Cultural Plunge

About once a month activity

Visit a place you've never visited before because you feel you don't belong and document your experience (e.g. narrative, photo essay, video, an original art piece, etc.) and post it on the Cultural Plunge Buzz blog.

The purpose of this activity is to provide you with experiences with cultures different from your own. You need to be out of your familiar cultural and preferably racial element. Based on your own level of experience, comfort, and knowledge select an experience that would be most beneficial to you in terms of furthering your awareness. Your goal is to select an activity that will challenge you to move beyond your present level of comfort, yet not be so uncomfortable that you are unable to be open to the experience. Try to make it a type of experience you’ve never had before, with people you do not already know. Push yourself to have interactions with people during your cultural plunge.

Suggested places to go for a Cultural Plunge:

A performance of Tibetan Monks, A concert for the deaf, Culturally different dancing , A gay/lesbian/bi-sexual/transgendered social event, Dinner in the home of culturally/racially different person, A racially different barber shop or hair salon to have your hair done, A Vikings Game at the stadium, A Halal restaurant or market, apple picking in the country, A Hmong New Year celebration, or A retirement home.

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Gene's picture
Gene says:

Hi everybody! I'm Gene, and I'll be the facilitator / moderator / agent provocateur of this experiment. And you are the brave souls who have volunteered to boldly go where you have never gone before. Which strikes me as odd -- I always thought the whole point of life was to arrange it so that you *didn't* have to go places or do things you didn't want to.

Well, too late now. You know the rules -- they are printed above. Go some place new and come back and tell us about it. Let the fun begin!

posted on Tue, 11/01/2011 - 6:01pm
maiken's picture
maiken says:

On a dare from my father, my cultural plunge will be to eat Lutefisk. I had never heard of this before moving to Minnesota last year. According to wikipedia, lutefisk is "a traditional dish of the Nordic countries and parts of the Midwest United States. It is made from aged stockfish or dried/salted whitefish and lye. It is gelatinous in texture, and has an extremely strong, pungent odor. Its name literally means 'lye fish.'" I am a little freaked out just thinking about it, but I am going to keep an open mind and dive in to the whole experience... yes, you might have to hold me to this!

posted on Fri, 11/04/2011 - 8:10am
maiken's picture
maiken says:

“It is reminiscent of the afterbirth of a dog or the world’s largest chunk of phlegm” (Quote about Lutefisk from Garrison Keillor's book "Pontoon")
I am looking forward to November 18th. Who's going with me?

posted on Sun, 11/06/2011 - 8:00pm
Peter K's picture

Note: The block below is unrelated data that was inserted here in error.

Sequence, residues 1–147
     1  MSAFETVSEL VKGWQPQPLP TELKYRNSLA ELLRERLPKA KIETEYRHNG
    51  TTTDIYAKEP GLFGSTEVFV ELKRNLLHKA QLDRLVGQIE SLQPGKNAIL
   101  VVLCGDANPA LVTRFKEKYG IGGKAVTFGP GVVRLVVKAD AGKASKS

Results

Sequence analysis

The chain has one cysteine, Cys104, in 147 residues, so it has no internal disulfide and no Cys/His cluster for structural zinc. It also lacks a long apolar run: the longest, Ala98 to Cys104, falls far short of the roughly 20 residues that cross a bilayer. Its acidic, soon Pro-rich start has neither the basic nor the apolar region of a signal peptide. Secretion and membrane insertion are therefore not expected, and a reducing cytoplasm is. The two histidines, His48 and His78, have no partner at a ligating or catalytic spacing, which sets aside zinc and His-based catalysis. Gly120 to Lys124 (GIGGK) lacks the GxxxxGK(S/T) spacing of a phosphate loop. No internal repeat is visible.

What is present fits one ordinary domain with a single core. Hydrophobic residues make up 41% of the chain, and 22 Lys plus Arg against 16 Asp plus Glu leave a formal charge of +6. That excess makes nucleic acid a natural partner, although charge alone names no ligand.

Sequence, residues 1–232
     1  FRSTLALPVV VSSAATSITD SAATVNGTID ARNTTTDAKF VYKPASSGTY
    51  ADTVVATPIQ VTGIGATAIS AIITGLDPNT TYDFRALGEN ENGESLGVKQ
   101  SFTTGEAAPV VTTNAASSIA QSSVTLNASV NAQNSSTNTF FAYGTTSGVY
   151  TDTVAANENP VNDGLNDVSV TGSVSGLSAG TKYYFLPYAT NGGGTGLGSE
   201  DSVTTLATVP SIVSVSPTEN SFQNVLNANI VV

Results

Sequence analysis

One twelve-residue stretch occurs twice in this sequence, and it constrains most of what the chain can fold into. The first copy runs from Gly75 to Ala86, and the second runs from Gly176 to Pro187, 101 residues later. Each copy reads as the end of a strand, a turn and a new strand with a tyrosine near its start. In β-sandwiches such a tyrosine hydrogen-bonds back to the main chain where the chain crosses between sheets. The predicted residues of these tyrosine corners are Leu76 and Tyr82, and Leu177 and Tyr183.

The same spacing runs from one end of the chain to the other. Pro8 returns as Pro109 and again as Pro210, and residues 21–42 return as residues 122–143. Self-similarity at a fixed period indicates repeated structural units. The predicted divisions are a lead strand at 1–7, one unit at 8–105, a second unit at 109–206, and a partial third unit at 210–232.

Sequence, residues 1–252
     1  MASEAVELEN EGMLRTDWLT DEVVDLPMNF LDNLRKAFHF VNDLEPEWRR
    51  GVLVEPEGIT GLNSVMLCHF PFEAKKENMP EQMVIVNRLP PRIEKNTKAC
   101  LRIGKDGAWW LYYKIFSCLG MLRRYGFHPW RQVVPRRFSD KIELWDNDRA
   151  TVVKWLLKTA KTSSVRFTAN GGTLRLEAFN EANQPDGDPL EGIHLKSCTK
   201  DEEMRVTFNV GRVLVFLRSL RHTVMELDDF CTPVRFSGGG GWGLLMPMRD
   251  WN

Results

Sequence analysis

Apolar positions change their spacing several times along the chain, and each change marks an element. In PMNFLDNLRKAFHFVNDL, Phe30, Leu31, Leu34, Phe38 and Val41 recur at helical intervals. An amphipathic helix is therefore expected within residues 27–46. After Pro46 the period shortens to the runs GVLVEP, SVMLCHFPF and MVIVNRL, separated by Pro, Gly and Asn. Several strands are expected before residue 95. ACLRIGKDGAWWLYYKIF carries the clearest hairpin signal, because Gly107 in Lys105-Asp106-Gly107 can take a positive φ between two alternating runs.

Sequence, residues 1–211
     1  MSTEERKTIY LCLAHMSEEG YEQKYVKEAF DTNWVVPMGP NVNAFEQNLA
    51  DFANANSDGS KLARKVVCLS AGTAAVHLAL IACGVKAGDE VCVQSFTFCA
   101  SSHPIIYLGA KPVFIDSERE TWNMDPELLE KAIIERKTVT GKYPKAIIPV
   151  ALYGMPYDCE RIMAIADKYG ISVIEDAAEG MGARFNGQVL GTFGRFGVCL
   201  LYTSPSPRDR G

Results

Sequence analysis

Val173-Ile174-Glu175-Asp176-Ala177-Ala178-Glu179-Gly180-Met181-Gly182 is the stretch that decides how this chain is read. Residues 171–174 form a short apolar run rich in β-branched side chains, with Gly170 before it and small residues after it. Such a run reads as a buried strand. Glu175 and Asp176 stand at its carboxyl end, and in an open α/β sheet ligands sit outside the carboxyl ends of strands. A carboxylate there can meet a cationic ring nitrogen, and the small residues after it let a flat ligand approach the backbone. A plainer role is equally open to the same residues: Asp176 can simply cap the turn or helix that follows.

Peter K says:

I think I went to that very lutefisk dinner my first year in MN.

posted on Mon, 11/07/2011 - 1:06pm
maiken's picture
maiken says:

Peter K, should I be nervous? Is it really as bad as they say?

posted on Mon, 11/07/2011 - 4:04pm
SNAFU's picture
SNAFU says:

Sorry I wouldn't of been able to anyway. Although I've grown up in MN, my first time trying Lutefisk was last year. I found out I'm highly allergic to it..probably the lye since I can eat Cod no problem. So I opted to not have dinner on the 18th be followed by a trip to the emergency to get my color back to normal and my throat unclenched.

posted on Wed, 11/30/2011 - 12:22am
maiken's picture
maiken says:

In keeping with the Cultural Plunge tradition of taking yourself out of your comfort zone, I shall recount my Lutefisk Dinner experience in haiku form.

For sixty-two years
Scandinavians gather
at a Lutheran church

Meal tickets sold out
church basement full of seniors
chatting at tables

Cub scouts volunteer
serving peas and potatoes
meatballs come next and...

White fish soaked in lye
slippery, translucent with bones
slathered in butter

Tasteless, strong smelling
Norwegian tradition with
Lefse and fruit soup

For some its a first
others have made it at home
I'm glad I tried it!

posted on Fri, 11/18/2011 - 8:16pm
maiken's picture
maiken says:

Here's a Picasa photo collage of the Lutefisk experience. I hope it inspires you to do your own Cultural Plunge!
My Lutefisk Dinner
My Lutefisk DinnerCourtesy me

posted on Fri, 11/18/2011 - 8:48pm
Gene's picture
Gene says:

Well, the month is almost over, and I'm not going to make it to any unfamiliar places. But perhaps it would be OK to share a story from the past?

I went to an all-boy high school in the mid-'70s. And at that time, about the greatest insult you could hurl was to call somebody a "fag." Now, mind you, none of us had ever actually met a gay person (to our knowledge), but we were all absolutely certain we knew what "those people" were like, and could spot one a mile away.